O trompetista de jazz Cootie Williams nasceu no 10 de julho de 1911 e integrou a Orquestra de Duke Ellington durante os anos 30. Foi utilizando, o abafador no trompete, que ele externou toda sua versatilidade, agregando à banda um som original.
Williams formou uma banda propria e é lembrado por ter sido o co-autor da canção "Round Midnight" em parceria com Thelonious Monk. Antes de trabalhar com Duke Ellinton também teve importante envolvimento com as bandas de Chick Webb e Flecher Henderson.
Cootie Willimas deixou a banda de Ellington em 194o para em seguida aliar-se a banda de Benny Goodman, com a qual ele ja havia se apresentado, durante o histórico concerto do Carnegie Hall em 1938.
Em 1948, com o fim da era das big bands, Williams reduziu seu grupo a um sexteto e passou a experimentar mais o genero do rhythm & blues. A banda tornou-se comercial por um tempo, contrariando a orientação de Williams, que eventualmente, acabou retornando para suas raizes jazzisticas com uma formação de jazz.
Em 1962 Cootie voltou para a banda de Ellington onde permaneceu até mesmo, quando Mercer Ellington assumiu o comando, após a morte de Duke, seu pai, em 1974.
Cootie Williams faleceu em 1985.
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Famed trumpeter Charles Melvin Williams, aka, Cootie Williams born 10, July 1911, in Mobile, Alabama, was an integral part of Duke Ellington's orchestra during the 1930s. His extraordinary talent with the plunger mute helped shape the band's sound and propel it to the top. Williams later led a successful band of his own. He also is remembered as co-author of the classic jazz number '''Round Midnight,'' with Thelonius Monk.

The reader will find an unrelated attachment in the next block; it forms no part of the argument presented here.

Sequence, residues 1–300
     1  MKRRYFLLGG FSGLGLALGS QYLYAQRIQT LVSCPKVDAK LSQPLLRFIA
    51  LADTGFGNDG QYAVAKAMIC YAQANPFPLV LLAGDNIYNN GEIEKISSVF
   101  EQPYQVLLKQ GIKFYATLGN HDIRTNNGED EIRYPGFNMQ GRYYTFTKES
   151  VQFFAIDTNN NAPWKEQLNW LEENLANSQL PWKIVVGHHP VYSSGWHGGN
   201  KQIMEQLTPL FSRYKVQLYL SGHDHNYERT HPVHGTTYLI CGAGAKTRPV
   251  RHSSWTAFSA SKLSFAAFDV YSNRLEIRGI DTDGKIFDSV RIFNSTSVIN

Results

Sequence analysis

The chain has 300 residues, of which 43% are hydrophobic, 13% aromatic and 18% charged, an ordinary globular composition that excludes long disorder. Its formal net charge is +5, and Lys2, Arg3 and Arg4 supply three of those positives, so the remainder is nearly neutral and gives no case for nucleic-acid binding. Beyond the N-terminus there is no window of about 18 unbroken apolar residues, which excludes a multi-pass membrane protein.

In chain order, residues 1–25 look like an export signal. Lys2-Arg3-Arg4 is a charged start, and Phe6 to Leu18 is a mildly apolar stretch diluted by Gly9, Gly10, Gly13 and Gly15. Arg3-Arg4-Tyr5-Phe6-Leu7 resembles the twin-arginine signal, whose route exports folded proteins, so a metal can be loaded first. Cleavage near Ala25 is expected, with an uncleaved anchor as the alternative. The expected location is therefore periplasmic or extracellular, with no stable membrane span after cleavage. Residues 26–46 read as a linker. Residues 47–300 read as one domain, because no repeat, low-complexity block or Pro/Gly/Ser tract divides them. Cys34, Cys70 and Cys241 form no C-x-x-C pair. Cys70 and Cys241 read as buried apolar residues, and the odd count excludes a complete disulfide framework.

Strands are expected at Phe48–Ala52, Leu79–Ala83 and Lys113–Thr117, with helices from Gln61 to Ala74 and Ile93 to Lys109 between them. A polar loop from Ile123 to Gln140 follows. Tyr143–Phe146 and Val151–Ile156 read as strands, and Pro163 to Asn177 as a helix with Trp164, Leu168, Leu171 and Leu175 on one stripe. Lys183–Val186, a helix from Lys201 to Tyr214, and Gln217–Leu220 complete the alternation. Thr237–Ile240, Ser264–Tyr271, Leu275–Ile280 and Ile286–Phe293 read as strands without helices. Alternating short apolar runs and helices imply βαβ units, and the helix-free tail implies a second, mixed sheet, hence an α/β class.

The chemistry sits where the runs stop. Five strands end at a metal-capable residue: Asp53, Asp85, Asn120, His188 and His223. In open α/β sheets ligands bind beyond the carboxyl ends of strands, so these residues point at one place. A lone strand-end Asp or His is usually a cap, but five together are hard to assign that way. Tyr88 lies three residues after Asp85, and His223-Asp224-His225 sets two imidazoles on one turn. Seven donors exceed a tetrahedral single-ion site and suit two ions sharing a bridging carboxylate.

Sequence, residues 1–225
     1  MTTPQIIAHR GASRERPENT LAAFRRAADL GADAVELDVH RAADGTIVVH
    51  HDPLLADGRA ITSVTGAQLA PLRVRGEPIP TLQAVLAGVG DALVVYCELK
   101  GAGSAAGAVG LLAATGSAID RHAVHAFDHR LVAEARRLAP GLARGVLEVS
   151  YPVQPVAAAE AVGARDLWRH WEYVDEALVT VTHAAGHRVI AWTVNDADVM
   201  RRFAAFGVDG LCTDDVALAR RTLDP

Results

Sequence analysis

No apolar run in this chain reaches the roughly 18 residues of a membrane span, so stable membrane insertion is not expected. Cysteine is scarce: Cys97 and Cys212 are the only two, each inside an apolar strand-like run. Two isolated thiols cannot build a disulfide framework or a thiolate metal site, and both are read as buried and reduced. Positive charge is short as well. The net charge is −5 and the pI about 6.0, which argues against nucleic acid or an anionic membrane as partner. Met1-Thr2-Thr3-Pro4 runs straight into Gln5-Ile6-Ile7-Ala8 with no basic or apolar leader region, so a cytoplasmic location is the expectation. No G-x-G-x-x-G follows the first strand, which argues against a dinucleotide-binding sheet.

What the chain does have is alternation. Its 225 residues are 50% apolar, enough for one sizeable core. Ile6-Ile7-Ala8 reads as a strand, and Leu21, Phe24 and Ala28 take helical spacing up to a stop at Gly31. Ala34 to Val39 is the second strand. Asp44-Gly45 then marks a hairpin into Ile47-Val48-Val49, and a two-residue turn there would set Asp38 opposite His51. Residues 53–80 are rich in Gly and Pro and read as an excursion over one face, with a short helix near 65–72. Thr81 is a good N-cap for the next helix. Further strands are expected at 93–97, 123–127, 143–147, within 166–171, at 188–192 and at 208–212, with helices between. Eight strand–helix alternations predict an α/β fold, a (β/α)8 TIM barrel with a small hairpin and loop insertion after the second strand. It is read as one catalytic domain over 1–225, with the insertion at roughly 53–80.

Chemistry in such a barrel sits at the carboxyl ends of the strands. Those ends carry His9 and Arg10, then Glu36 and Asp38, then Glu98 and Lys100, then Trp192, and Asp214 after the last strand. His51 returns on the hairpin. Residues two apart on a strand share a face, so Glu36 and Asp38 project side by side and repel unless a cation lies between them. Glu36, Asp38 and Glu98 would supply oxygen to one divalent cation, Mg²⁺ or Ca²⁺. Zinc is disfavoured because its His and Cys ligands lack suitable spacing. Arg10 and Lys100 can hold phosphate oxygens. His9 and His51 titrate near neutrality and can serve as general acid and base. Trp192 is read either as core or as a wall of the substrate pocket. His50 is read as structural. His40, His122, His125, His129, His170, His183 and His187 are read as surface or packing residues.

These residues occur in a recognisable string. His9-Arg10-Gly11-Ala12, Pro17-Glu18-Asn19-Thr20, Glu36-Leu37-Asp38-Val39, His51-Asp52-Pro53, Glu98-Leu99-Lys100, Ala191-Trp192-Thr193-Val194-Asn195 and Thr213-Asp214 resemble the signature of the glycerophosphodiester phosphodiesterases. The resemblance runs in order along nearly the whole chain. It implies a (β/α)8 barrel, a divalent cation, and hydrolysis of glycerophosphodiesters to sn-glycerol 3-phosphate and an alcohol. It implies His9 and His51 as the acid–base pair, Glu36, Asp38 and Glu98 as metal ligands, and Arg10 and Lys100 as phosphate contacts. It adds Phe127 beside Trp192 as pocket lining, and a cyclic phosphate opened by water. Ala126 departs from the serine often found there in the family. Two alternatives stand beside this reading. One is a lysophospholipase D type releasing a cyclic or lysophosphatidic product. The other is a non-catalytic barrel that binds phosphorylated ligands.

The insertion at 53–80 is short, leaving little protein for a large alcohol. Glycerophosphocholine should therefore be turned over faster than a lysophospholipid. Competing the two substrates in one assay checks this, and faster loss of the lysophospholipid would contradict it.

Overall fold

Williams began performing at an early age, working around his native Mobile, Alabama, with Johnny Pope and Holman's Jazz Band and touring with the Young Family Band before moving to Pensacola, Florida, at age 15, where he joined a group led Calvin Shields. In 1928 he traveled north with the Alonzo Ross DeLuxe Syncopators and settled in New York City. He worked with Arthur Ford, Chick Webb, and Fletcher Henderson before signing with Ellington in 1929, where he replaced the departing Bubber Miley.
He quickly became a key member of Ellington's orchestra. He possessed a greater range of technique and emotion than his predecessor and was able to expand upon his role in the group. Impressed with the young trumpet player, Ellington would often let him record under his own name using fellow band members. These recordings were alternately credited as Cootie Williams and His Rug Cutters or the Cootie Williams Orchestra.
Williams remained with Ellington until 1940 when he left to join Benny Goodman, whom he had previously worked with during Goodman's famed Carnegie Hall Concert in 1938. Williams played in both the King of Swing's orchestra and his sextet, staying, however, only a year before asking to rejoin Ellington. Ellington instead encouraged him to start his own band. Williams' orchestra debuted at the Grand Terrace Ballroom in Chicago in 1942. At various times it featured such musicians as Bud Powell, Eddie "Cleanhead" Vinson, and Eddie "Lockjaw" Davis. Vocalists included Bobby Merrill, Eddie Mack, and Pearl Bailey.
In 1948, as the big band era ended, Williams scaled his orchestra down to a sextet and eventually began to focus more on rhythm and blues. The sextet was more commercial oriented than Williams' previous efforts, but he soon returned to his roots, organizing a new jazz combo.
In 1962 Williams rejoined Ellington's orchestra, remaining there after Mercer Ellington took over the band upon his father's death in 1974.
Williams eventually retired the following year due to health problems. Cootie Williams passed away in 1985.
Reference = Jazz Unlimited
Tradução - Humberto Amorim